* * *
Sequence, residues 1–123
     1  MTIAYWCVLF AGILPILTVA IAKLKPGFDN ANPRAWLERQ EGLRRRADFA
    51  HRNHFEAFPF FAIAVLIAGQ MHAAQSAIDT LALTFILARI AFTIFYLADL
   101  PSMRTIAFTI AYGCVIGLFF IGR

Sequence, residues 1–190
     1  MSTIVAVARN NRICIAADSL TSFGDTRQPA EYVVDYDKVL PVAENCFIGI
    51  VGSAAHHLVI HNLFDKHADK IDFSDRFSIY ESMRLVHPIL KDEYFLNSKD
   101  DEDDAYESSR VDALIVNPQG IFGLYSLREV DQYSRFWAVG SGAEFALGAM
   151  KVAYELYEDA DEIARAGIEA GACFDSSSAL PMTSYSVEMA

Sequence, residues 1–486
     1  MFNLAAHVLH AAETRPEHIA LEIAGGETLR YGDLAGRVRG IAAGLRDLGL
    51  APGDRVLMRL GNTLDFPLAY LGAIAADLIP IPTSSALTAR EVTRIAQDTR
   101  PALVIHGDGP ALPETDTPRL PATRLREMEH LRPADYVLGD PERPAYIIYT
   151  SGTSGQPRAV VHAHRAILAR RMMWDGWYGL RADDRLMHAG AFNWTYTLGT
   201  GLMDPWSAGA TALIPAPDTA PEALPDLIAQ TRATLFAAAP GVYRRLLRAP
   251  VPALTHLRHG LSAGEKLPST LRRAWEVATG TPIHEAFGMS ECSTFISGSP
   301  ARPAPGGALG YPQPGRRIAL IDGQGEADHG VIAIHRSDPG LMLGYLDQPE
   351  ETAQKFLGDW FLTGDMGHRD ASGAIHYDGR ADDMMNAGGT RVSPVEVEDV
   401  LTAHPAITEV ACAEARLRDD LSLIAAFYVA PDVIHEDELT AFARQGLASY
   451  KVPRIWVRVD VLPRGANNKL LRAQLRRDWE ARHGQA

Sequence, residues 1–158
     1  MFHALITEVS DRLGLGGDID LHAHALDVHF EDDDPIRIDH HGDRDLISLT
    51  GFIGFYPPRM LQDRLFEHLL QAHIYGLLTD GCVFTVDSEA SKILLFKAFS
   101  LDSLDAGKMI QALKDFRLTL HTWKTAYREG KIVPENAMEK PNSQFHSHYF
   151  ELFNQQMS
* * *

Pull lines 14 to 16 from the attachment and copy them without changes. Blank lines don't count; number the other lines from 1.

   151  SGTSGQPRAV VHAHRAILAR RMMWDGWYGL RADDRLMHAG AFNWTYTLGT
   201  GLMDPWSAGA TALIPAPDTA PEALPDLIAQ TRATLFAAAP GVYRRLLRAP
   251  VPALTHLRHG LSAGEKLPST LRRAWEVATG TPIHEAFGMS ECSTFISGSP